There was no medical evidence inconsistent with the conclusion that claimant is physically unable to engage in substantial gainful activity.
In addition to the medical evidence, the record contains only the testimony of the claimant. Before the examiner he testified that he has frequent swelling in his legs; that he suffers constantly from severe pains in his legs, stomach and back; that he has frequent headaches; that he has difficulty sleeping; and that he has constant diarrhea which requires him to visit the toilet ten to fifteen times a day. He further testified that he is able to drive about twenty miles without tiring; that he is able to shave, bathe and clothe himself; and that he is able to perform certain minor jobs around the house such as helping his wife shell beans and feed the chickens.
Virtually the only evidence in the record tending to support the Secretary's conclusion is the evidence of earnings. In view of the overwhelming evidence tending to establish his disability, we do not believe this evidence can be regarded as substantial or controlling. The examiner made no specific finding as to whether claimant's job constitutes substantial gainful activity. If it does not, as the record appears to indicate, then his earnings therefrom constitute very slight evidence of his ability to engage in activity which is substantial and gainful, and there should be a further inquiry as to the extent of claimant's ability to engage in additional activities. Moreover, this determination should be coupled with a determination as to what, if any, employment opportunities consistent with his ability, education, background and experience are available to claimant. See Woodson v. Celebrezze, 325 F.2d 479 (4 Cir. 1963); Cochran v. Celebrezze, 325 F.2d 137 (4 Cir. 1963). In making the latter determination, it is important to keep in mind that the employment opportunities must be actually and not merely theoretically available.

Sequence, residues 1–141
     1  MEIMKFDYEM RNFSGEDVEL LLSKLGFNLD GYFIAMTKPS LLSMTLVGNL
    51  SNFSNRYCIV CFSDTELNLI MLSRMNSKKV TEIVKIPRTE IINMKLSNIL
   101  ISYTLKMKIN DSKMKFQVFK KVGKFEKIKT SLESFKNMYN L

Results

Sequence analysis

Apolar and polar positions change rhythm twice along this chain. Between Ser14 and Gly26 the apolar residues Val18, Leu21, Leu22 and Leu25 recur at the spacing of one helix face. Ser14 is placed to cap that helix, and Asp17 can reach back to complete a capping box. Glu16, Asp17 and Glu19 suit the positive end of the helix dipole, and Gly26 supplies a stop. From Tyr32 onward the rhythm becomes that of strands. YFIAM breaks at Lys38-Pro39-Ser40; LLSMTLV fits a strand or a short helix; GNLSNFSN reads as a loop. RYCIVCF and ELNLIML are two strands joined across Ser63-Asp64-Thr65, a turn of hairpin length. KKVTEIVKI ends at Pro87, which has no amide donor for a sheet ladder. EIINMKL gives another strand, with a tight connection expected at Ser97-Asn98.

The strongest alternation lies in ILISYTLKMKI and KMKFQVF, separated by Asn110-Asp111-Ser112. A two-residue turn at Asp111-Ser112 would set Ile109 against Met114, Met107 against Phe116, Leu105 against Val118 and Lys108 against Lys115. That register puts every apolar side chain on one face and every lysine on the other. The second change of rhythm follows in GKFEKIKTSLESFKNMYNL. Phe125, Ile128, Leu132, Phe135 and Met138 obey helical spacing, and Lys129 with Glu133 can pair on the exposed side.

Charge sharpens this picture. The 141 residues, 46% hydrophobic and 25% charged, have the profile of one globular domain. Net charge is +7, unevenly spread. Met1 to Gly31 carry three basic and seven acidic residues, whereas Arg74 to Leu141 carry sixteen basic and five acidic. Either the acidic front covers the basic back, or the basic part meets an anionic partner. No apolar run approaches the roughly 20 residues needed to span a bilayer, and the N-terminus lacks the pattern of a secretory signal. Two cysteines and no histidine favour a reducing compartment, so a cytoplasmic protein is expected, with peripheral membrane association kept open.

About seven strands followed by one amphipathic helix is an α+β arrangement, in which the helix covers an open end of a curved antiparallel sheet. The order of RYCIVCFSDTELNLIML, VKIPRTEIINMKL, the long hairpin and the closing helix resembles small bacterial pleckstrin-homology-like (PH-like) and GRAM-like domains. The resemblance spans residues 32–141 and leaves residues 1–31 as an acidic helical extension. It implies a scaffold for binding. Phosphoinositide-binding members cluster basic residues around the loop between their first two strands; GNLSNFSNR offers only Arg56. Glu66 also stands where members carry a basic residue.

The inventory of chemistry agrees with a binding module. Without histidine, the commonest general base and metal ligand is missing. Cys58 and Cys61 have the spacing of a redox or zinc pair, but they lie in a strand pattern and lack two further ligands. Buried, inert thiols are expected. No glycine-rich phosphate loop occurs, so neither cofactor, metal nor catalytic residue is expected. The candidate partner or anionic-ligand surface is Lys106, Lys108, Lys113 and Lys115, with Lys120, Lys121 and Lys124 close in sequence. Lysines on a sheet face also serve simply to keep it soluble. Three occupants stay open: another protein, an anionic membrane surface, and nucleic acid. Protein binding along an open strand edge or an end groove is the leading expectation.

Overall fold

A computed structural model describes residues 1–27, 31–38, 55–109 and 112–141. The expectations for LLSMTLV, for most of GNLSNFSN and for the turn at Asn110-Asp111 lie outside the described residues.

Another consideration which significantly weakens the inference which might be drawn from the evidence of earnings is claimant's testimony as to his inability to perform even his minimal duties at Ashland Memorial. He stated: "* * * A good part of the time my wife will go down and open up or either the boy, if I'm feeling extremely bad." In the present state of the record it is impossible to evaluate the significance of this testimony. The Secretary argues that since Hanes described, at length and in personal terms, his job duties at the Ashland Memorial Building, the above quoted statement, which is the only reference in the record to his inability to perform that job, is entitled to little, if any, consideration. We cannot agree. Immediately after making that statement, claimant was instructed by the examiner: "You tell me about yourself now. When do you normally open this building up?" (Emphasis added.) What further explanation claimant might have offered had he not been so enjoined by the examiner we do not know. Since the extent to
In sum, we conclude that there is not substantial evidence in the record, viewed as a whole, to support the Secretary's decision and that the granting of summary judgment was error. If it can be properly determined that claimant's job itself constitutes substantial gainful activity and that he is fully able to perform it, a different conclusion would be justified. Accordingly, the case is remanded to the District Court with directions to remand it to the Secretary for further proceedings consistent with the views herein expressed.
Reversed and remanded.